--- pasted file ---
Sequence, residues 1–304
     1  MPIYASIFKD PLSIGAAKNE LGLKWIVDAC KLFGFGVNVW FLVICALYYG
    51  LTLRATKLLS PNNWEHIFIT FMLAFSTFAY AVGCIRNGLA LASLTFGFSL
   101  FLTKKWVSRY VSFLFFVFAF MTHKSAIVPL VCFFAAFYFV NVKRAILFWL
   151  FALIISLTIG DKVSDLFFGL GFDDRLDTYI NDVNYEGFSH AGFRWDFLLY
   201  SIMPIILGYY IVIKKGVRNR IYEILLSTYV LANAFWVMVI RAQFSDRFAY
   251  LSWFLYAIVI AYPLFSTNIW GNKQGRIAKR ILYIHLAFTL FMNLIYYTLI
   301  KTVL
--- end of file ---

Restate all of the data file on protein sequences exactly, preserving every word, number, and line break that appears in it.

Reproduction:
Sequence, residues 1–304
     1  MPIYASIFKD PLSIGAAKNE LGLKWIVDAC KLFGFGVNVW FLVICALYYG
    51  LTLRATKLLS PNNWEHIFIT FMLAFSTFAY AVGCIRNGLA LASLTFGFSL
   101  FLTKKWVSRY VSFLFFVFAF MTHKSAIVPL VCFFAAFYFV NVKRAILFWL
   151  FALIISLTIG DKVSDLFFGL GFDDRLDTYI NDVNYEGFSH AGFRWDFLLY
   201  SIMPIILGYY IVIKKGVRNR IYEILLSTYV LANAFWVMVI RAQFSDRFAY
   251  LSWFLYAIVI AYPLFSTNIW GNKQGRIAKR ILYIHLAFTL FMNLIYYTLI
   301  KTVL